After his partnership with Brown ended in 1988, Zanuck formed the Zanuck Company and — with his wife, Lili Fini Zanuck — shared the Oscar for the 1989 film "Driving Miss Daisy."
Zanuck's later films as a producer included six movies directed by Tim Burton, including "Charlie and the Chocolate Factory," "Alice in Wonderland" and "Dark Shadows."
When "Jaws" ran into production problems on location and went over budget, Zanuck kept studio executives at bay.
"I said to Universal, 'If I see one Learjet land at Martha's Vineyard, I'll stop production,'" he told The Times in 2006. "I'm not a bully, but I will act quickly and ruthlessly, so they know when I say, 'No Learjets,' I mean it."
Zanuck, who grew up on the 20th Century Fox lot, learned the movie business under the wing of his flamboyant, cigar-smoking father, who resigned as production head in 1956 and established his own independent production company. It was headquartered in Paris and had a contract with Fox.
When the younger Zanuck, who had been his father's production representative at the studio, took the reins of production in 1962, he faced a formidable challenge.
"He had great confidence in me," Zanuck said of his father in a 2003 New York Times article. "I knew the studio operations better than anybody."
While strolling through the studio in 2006, he recalled the dark days when he first took the helm: "We didn't have a movie shooting on the lot and we were down to the last episodes of 'Dobie Gillis,' our one hit TV show. So we shut down the studio. We closed the commissary, the executive office building, everything."
Gesturing toward a bungalow, he said: "That's where I operated the studio for two years. It was me, a legal guy, a couple of janitors and a guard at the gate. You could literally see the tumbleweeds."
The studio's fortunes soared with the success of the first major movie produced under Richard Zanuck's administration: "The Sound of Music," the blockbuster 1965 musical starring Julie Andrews.
Other hits followed, including "Valley of the Dolls," "Planet of the Apes," "Butch Cassidy and the Sundance Kid," "MASH" and "Patton."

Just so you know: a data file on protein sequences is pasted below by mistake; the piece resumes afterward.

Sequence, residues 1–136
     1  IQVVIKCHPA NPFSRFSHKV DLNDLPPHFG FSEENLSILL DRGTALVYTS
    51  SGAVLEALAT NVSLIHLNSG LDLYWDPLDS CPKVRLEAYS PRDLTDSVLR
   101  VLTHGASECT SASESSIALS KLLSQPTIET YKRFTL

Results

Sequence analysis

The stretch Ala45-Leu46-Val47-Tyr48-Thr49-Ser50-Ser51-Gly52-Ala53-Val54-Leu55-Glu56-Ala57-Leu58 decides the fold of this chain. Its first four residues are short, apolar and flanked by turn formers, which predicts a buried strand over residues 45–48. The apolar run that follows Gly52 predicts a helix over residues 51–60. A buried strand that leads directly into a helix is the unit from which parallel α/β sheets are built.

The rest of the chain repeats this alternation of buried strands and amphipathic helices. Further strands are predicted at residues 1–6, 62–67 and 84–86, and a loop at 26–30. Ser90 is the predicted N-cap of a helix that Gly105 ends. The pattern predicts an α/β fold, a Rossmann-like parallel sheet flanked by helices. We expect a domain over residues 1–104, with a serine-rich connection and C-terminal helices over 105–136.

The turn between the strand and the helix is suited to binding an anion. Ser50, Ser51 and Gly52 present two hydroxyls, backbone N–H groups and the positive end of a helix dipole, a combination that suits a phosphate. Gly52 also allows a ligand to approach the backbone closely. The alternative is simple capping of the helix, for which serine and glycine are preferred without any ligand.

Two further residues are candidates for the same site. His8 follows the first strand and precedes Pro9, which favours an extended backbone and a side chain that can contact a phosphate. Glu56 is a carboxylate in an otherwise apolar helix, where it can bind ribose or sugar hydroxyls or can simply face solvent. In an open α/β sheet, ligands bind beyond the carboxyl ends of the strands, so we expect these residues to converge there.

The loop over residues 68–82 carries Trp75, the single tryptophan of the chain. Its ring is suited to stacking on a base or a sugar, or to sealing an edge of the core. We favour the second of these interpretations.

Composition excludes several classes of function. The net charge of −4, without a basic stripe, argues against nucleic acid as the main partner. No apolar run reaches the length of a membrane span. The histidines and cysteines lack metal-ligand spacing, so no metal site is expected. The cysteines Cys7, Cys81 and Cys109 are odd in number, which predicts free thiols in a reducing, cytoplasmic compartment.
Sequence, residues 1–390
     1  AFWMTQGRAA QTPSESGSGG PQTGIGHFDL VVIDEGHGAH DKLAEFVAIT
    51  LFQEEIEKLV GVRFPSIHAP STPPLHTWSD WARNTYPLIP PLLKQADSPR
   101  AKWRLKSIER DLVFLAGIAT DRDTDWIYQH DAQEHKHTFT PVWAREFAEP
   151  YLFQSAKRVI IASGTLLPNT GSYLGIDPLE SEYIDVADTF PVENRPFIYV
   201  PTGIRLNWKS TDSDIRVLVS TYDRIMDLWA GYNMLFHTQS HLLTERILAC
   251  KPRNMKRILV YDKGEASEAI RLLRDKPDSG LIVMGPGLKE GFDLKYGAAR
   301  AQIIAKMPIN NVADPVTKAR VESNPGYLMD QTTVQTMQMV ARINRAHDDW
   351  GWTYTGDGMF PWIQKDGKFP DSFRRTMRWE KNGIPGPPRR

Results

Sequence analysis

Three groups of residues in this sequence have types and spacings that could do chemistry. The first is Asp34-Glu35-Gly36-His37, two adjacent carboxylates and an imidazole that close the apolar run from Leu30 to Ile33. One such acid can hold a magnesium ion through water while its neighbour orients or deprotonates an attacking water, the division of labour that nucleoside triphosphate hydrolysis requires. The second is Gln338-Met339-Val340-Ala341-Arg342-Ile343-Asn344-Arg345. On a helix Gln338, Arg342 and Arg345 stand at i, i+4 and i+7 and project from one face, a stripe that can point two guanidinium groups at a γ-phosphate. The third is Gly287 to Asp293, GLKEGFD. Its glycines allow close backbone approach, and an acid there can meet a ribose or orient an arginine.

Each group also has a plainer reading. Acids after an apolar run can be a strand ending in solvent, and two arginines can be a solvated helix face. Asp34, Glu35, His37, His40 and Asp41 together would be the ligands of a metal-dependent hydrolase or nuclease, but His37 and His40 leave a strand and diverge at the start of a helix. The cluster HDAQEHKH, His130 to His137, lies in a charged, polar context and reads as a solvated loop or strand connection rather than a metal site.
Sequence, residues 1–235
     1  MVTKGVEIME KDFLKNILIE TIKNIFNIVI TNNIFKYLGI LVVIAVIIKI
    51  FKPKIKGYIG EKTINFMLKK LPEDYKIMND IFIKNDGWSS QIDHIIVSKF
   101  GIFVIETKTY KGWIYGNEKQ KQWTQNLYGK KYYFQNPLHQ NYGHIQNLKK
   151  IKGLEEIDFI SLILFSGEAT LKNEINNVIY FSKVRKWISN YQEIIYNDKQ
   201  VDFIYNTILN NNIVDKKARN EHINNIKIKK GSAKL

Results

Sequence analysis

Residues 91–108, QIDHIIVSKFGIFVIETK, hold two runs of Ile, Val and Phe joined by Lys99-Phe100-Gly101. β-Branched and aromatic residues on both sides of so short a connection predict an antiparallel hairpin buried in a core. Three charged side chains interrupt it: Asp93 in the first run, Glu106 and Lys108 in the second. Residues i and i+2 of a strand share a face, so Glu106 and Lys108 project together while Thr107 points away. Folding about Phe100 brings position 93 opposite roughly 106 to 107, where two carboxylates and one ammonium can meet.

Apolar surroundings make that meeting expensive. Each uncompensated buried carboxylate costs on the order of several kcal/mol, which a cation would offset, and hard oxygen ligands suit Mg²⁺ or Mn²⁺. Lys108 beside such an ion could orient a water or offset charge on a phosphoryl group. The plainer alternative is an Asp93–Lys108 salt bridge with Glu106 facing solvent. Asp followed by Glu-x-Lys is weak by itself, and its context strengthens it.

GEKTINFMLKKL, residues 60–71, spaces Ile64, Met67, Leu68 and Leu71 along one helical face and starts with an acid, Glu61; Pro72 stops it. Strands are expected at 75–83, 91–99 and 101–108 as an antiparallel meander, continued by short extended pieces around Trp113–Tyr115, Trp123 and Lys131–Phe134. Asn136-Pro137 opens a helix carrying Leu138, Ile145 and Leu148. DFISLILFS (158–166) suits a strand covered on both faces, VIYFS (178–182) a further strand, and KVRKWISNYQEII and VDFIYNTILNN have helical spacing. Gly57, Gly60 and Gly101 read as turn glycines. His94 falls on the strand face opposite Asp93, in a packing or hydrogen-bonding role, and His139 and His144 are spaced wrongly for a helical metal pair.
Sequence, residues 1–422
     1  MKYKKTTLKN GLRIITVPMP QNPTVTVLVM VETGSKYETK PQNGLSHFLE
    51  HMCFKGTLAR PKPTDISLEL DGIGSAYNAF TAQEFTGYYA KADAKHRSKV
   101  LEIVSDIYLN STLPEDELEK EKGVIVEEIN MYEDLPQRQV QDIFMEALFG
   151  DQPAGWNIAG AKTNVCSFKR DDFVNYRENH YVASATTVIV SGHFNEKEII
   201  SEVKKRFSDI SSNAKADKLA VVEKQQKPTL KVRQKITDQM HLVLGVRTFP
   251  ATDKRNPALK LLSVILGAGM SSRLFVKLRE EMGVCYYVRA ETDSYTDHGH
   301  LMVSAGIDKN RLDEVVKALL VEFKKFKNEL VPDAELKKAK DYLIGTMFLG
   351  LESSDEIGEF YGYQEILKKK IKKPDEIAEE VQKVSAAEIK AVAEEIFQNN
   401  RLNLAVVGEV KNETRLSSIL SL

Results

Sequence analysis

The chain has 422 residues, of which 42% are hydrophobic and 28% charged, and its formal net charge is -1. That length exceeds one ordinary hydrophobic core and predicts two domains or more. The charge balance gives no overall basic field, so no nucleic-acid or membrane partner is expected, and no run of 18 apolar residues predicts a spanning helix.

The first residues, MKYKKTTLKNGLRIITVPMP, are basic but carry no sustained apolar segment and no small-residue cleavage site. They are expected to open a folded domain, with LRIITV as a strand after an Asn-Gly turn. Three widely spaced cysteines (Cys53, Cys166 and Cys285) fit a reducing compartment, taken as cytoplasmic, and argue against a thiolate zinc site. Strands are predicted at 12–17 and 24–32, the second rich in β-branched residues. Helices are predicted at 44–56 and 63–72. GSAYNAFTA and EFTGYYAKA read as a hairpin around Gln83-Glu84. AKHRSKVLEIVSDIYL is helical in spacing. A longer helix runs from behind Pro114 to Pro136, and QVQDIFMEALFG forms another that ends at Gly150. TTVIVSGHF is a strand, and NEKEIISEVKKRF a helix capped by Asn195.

But Zanuck also green-lighted the big-budget musicals "Doctor Dolittle," "Star!" and "Hello, Dolly!," which failed to duplicate the box-office success of "The Sound of Music." And there were other flops such as "Tora! Tora! Tora!," "Che!" and "Myra Breckinridge."
Zanuck also gave the go-ahead to "The French Connection," which won the Oscar for best picture, but he was gone from the studio when it was released in 1971.
As David Brown, who worked closely with Richard Zanuck as Fox's vice president in charge of the story department, told The Times in 1973: "We brought the company from nothing to a cash flow that has never been equaled, then it was 1929 all over again."
Zanuck continued as head of production after the 20th Century Fox board of directors named him president of the company in 1969, and his father became chairman of the board and chief executive.
But in late 1970, the board forced Richard Zanuck and Brown to resign. Speaking to the Associated Press a few months later, Zanuck called the resignation "a firing … an execution," engineered by his father.
Asked why, he said it was because of "continual disputes over how the company should be run. Continued suspicion on his part that I wanted to send him out to pasture."
"It was different from a normal father-son relationship," he told the New York Times in 2003. "But I was able to patch everything up before my father died" in 1979.
After an 18-month stint as executive vice president at Warner Bros., Zanuck and Brown formed their production company in 1972.